Fast forward to February of 1998, and a picture of a 5 month old Chinese orphan who is being fast-tracked to our family.  Bliss.  And again in 2002, this time a chubby cheeked 10 month old.  And really, a third?  Our sweet boy with just as chubby cheeks and superpower fleeing skills with his chubby legs.  I am blessed.

And yes, the pain was worth it.  Infertility was a part of my labor, I think.  And yes, I wouldn't change a thing.  And yes, it still hurts. 

So I'm sending out this Mother's Day prayer to those who are longing.  This world is full of babies who need mamas.  I pray that the two of you find each other.  

And tomorrow morning this PW (pastor's wife, silly) will be sitting in the front row, scolding sisters for stirring up their brother and smoothing down Asian hair that grows straight out from its roots and smiling.  

"You didn't grow under my heart, but in it."


she's a good mother

Married at the ripe age of 19.  Baby almost right away (it was me, though, so I know it was all bliss!).  Ten family moves from my birth to age 17.  My mama stayed in school and got her degree and promptly set to work on the hardest job, raising 3 bouncing babies while Daddy worked it.  He was promoted and transferred and climbing the corporate ladder and she held it all together.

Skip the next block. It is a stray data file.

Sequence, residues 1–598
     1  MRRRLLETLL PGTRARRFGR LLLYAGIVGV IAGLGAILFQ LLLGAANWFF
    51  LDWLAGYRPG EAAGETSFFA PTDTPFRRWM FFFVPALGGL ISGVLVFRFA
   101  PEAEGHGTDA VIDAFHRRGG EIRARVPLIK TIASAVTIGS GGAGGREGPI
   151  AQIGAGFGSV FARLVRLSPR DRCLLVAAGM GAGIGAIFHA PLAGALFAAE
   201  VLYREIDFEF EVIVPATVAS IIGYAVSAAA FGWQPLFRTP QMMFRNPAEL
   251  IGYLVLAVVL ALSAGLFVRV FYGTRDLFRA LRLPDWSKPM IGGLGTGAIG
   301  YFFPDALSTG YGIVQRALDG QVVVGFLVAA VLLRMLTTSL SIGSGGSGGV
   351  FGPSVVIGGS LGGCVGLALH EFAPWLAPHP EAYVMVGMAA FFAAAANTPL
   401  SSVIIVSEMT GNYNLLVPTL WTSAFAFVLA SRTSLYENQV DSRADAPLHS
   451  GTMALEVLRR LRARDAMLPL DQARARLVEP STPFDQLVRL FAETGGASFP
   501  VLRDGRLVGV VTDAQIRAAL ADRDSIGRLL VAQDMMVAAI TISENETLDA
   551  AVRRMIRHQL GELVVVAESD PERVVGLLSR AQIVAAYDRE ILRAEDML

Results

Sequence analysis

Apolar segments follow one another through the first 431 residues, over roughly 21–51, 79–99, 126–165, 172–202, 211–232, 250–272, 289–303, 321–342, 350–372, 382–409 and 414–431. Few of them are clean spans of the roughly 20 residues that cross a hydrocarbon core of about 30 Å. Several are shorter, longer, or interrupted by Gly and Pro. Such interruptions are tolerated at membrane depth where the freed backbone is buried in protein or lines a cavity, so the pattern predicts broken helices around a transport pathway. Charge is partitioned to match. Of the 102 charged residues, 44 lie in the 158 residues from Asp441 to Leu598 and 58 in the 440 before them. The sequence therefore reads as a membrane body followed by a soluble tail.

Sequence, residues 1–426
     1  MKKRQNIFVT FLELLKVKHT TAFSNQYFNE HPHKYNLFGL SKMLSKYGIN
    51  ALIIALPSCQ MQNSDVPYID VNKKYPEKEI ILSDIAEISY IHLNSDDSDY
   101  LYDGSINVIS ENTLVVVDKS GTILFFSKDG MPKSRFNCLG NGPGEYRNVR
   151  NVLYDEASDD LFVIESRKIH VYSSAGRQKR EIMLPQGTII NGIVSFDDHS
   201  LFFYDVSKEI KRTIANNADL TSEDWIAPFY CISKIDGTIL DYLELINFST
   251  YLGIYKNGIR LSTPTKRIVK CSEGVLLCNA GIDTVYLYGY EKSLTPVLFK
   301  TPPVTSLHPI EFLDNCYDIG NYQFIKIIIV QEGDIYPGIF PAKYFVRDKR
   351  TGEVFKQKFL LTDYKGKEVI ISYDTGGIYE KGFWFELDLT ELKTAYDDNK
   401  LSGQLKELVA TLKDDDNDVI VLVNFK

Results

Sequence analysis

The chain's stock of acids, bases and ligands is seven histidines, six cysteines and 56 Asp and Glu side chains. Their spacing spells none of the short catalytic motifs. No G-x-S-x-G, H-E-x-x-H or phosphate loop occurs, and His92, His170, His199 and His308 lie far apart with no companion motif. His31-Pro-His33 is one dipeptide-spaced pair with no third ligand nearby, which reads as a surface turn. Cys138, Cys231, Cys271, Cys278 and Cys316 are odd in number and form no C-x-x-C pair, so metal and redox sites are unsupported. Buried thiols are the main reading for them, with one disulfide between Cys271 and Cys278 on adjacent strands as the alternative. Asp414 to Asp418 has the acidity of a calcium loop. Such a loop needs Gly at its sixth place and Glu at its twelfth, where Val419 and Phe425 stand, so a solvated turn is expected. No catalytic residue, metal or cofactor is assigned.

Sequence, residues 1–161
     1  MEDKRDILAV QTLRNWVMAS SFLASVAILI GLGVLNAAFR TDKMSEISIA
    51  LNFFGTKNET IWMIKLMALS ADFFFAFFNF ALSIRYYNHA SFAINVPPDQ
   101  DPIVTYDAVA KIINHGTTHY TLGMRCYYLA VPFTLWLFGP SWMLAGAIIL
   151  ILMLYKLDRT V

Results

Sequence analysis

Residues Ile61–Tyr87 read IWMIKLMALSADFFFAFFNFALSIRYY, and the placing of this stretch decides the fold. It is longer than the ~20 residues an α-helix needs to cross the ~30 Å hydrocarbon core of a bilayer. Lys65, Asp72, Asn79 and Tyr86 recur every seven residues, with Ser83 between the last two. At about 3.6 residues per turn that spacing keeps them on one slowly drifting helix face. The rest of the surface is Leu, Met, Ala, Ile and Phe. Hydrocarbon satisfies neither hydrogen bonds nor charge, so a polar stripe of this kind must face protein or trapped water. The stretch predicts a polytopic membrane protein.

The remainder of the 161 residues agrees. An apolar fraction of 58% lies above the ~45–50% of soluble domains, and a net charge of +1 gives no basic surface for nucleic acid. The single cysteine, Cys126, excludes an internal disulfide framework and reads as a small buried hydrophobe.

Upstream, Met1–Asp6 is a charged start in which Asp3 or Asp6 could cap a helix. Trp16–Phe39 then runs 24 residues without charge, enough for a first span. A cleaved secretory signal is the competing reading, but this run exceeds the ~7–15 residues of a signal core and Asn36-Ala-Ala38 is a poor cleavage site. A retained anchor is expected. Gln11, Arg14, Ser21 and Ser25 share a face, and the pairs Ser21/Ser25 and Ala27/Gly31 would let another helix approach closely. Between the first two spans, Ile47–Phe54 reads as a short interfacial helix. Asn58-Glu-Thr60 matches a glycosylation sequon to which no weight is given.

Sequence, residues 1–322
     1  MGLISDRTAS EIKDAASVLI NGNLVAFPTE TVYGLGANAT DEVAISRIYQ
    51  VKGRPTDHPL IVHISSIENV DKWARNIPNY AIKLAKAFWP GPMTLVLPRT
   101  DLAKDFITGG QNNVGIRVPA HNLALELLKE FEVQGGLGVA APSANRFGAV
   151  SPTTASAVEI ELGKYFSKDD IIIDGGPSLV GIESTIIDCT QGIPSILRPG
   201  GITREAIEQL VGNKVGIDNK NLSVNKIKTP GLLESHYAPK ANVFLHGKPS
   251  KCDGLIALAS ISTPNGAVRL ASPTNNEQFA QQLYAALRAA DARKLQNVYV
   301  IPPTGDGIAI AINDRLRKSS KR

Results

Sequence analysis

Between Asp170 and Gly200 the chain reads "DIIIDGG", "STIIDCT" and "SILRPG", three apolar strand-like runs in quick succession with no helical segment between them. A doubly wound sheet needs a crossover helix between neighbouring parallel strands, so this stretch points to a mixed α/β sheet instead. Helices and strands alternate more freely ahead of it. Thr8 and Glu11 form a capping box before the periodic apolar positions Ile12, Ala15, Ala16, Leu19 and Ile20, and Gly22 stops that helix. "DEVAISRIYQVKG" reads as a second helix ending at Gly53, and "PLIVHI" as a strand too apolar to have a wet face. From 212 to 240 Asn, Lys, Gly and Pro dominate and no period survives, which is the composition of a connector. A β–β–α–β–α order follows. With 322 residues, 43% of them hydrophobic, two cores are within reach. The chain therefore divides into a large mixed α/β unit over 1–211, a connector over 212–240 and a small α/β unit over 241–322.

She must have questioned each move.  She must have felt lonely and depressed and desperately needed time away.  I never knew it.  She made a new city our home from the beginning.  We set down roots.  We found a church and we saw the sights and we glued together.  

She grew up in the south with deep tradition and love, and she married a country boy and figured out how to muck out stalls and handle horses.  She started her own business (with a jigsaw!) to help pay for a fabulous wardrobe for her budding fashionista.  She helped to found an outreach for women who had recently moved, turning difficult transitions into blessing. My mama brought warmth and sunshine to Greenville, South Carolina; and Lincoln, Nebraska; and Sarasota, Florida; and Scottsdale, Arizona.   

She didn't try to build a perfect marriage or raise perfect kids (well, most of the time).  She fought hard to stay together.  She leaned in to mothering.  She kept her standards high and her arms open.  She didn't let the sun settle on anger.  She wiped tears from a teenage girl's broken heart, time after time.  She was home almost when I got home from school, and she sat at the kitchen table with me and told me I could learn algebra and that boy wasn't worth my time and for goodness' sake could I clean my room.  

What I love the most about my mama is that she chose to be a mother.  She could have done a million other things.  She's talented and beautiful and smart and sought after.  She picked us.  She came to our games and she sent care packages in college and she still plans Camp Mimi and Poppy for her grandchildren--there is space in her life for her babies.   I didn't really get what that means to me until I was 40.  Or until I had 3 kids.